Year of a Hundred books – #70 Hereward: End Of Days

Hereward: End Of DaysHereward: End Of Days – James Wilde


I read Hereward: End of Days as part of Transworld’s second annual Historical Reading Challenge. When I chose it, I didn’t realise that it was the third in a series, so when it arrived and that became obvious, I was a little bit concerned that I was going to be in over my head and unable to make head nor tale of what was going on. Thankfully, that was not the case.

It helped that I already had a basic knowledge about Hereward the Wake, the leader of the last region of England to hold out against William the Conqueror, so that helped, but I think even without that knowledge most people would be able to pick up Hereward: End of Days and have a fairly good idea of what was going on. There was a course a lot of plot that I missed, not having read the first two instalments, but Wilde does a fairly good job of giving you the important plot and character details than you need fairly early on. This means that the references to past events could, for all intents and purposes, be back story for a story that begins in medias res.

In general, it’s a good siege novel. You’ve got a lot of the standard archetypes of the genre; traitors behind the walls, feints that turn certain victory into certain defeat, disguised ventures into the enemy camps, personal revenge, and a final heroic stand. Despite the fact the almost formulaic nature of the plot, it still works out well, and there are a few subplots that don’t follow the typical narrative. In particular, the minor character Rowena and her search first for her husband and then for vengeance, and the partnership between the Norman knight Deda and the Viking Harald Redteeth. While all of them are inextricably linked to the main plot, they added an extra component that made it a more rounded story than just Hereward vs. the Conqueror. It might help that, for all intents and purposes Rowena and Deda were introduced in this book. They may have featured in earlier volumes, I don’t know, but their relationship to the main plot was new for this volume, so rather than dropping into their stories half way, I felt that they began where I did.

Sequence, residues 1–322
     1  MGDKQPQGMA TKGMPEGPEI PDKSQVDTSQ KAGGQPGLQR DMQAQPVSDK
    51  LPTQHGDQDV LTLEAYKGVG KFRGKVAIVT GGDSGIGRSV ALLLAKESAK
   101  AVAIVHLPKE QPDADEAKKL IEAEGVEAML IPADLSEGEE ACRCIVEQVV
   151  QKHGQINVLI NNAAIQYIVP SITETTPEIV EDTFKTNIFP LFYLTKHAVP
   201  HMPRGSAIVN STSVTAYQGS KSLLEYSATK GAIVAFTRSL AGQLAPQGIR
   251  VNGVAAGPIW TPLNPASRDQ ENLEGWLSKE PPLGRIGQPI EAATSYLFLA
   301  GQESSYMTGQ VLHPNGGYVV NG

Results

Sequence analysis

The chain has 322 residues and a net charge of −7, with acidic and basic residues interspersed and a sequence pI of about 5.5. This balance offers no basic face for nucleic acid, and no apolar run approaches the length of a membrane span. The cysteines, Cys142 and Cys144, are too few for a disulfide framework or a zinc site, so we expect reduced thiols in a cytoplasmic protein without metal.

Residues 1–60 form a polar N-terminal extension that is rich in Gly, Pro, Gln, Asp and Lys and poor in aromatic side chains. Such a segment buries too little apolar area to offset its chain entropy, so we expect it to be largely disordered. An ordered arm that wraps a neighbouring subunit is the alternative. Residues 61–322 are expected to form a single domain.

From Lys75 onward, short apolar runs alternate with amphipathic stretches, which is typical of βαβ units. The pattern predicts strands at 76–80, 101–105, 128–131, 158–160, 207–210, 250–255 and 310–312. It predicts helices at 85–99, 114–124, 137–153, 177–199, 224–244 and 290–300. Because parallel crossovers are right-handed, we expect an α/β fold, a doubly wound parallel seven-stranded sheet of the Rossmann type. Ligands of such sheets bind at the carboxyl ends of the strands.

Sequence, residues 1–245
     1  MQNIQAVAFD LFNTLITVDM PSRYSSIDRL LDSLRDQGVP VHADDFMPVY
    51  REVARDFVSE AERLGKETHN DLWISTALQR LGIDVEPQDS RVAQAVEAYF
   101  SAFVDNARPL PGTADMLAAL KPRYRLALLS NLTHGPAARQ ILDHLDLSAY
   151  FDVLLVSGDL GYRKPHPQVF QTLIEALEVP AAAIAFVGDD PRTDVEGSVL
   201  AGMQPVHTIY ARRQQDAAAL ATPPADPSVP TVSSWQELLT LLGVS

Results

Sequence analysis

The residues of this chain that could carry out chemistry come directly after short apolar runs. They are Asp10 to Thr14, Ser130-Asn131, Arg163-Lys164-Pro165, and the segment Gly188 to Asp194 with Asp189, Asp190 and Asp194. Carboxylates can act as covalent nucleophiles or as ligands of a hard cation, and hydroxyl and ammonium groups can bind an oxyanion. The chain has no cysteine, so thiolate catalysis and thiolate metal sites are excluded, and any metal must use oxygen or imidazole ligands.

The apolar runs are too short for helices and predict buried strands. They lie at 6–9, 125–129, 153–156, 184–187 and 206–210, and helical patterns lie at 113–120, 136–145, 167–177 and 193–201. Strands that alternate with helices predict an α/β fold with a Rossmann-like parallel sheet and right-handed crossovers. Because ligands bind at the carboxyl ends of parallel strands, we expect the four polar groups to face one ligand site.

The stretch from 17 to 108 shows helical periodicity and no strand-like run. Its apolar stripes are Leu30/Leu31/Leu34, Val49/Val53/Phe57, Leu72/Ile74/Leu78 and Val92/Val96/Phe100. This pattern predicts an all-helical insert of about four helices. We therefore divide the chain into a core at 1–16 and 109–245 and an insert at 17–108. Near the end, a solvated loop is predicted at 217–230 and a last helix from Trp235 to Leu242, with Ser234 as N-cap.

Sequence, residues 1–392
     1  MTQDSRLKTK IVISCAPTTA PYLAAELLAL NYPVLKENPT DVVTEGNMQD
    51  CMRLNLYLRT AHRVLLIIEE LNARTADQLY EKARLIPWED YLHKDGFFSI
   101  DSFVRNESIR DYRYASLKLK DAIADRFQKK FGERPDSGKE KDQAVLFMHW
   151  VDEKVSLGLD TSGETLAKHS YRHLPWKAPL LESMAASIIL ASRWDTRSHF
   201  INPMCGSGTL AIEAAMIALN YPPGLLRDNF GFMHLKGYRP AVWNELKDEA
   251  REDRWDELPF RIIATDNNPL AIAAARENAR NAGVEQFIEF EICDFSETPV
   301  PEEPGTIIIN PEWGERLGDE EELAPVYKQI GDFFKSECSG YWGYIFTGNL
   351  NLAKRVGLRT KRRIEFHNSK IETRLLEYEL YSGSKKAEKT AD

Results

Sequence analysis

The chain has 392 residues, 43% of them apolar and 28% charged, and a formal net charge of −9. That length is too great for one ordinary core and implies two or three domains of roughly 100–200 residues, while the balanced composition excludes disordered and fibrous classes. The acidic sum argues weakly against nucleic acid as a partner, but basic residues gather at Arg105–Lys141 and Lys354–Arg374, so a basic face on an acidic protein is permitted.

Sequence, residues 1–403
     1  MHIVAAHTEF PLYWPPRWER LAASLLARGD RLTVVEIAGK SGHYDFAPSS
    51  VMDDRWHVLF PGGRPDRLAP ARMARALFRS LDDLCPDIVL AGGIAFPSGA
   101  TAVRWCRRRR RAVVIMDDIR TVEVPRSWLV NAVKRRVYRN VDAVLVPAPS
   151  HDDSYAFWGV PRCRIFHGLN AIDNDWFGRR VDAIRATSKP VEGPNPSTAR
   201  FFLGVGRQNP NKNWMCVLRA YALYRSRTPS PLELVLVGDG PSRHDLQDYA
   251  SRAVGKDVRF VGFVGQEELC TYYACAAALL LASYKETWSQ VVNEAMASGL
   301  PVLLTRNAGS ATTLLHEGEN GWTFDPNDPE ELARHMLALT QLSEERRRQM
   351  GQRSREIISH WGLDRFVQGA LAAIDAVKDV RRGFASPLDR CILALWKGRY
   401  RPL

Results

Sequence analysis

I did have a couple of issues with the book. The first was the matter of language. This may have been covered in an earlier volume, but there were lots of scenes in which Saxons were having conversations with Normans, even at the highest level, though it’s fairly well established that the Normans in general did not learn the language of the land they were settling in the earlier years of the conquest, and it’s unlikely that the English patriots were speaking Norman French. This leaves Latin, but I doubt most of the characters featured here would have a good enough knowledge, though there were a few priests bouncing around. I understand why it was done in terms of narrative, but I’d have liked some form of explanation.

My other issue is the way that Wilde, both in the text and in his author’s biography, attempts to be trying to recast Hereward as the English proto-patriot, much in the same way that Braveheart treated William Wallace. I’m 100% in favour of raising awareness of figures like Hereward, but something about this just doesn’t sit right with me. Partly it’s mildly offensive to me to recast historical figures for political ends, partly because, at this stage, you can’t really say that England would have been better off under the Saxons, but it’s mostly because no one can really relate to Hereward on this level. Yes he was English, but at this distance to the average person, that means nothing. There’s nowhere for the emotion that I think Wilde is trying to evoke to be funnelled, because the Normans are such an intrinsic part of English history that to cast them as the villains by necessity casts the modern English worldview as the villain. There’s barely any reference to the fact the Normans were subjects of the French king, so I don’t think he’s trying to criticise the EU, and it just feels a bit misplaced.

That said, this angle is only subtext and only appears really at a few junctures throughout the text, so in general Hereward: End of Days is simply a solid example of action based historical fiction. I also liked the way that Wilde worked with the rather hazy end to the historical Hereward in a way that was neither counter-factual nor incredibly depressing, and also setting up possibilities for a sequel. Though (evidently) you can start with the third in the series, I wouldn’t recommend it, and I’ll be keeping an eye out of the first volumes.

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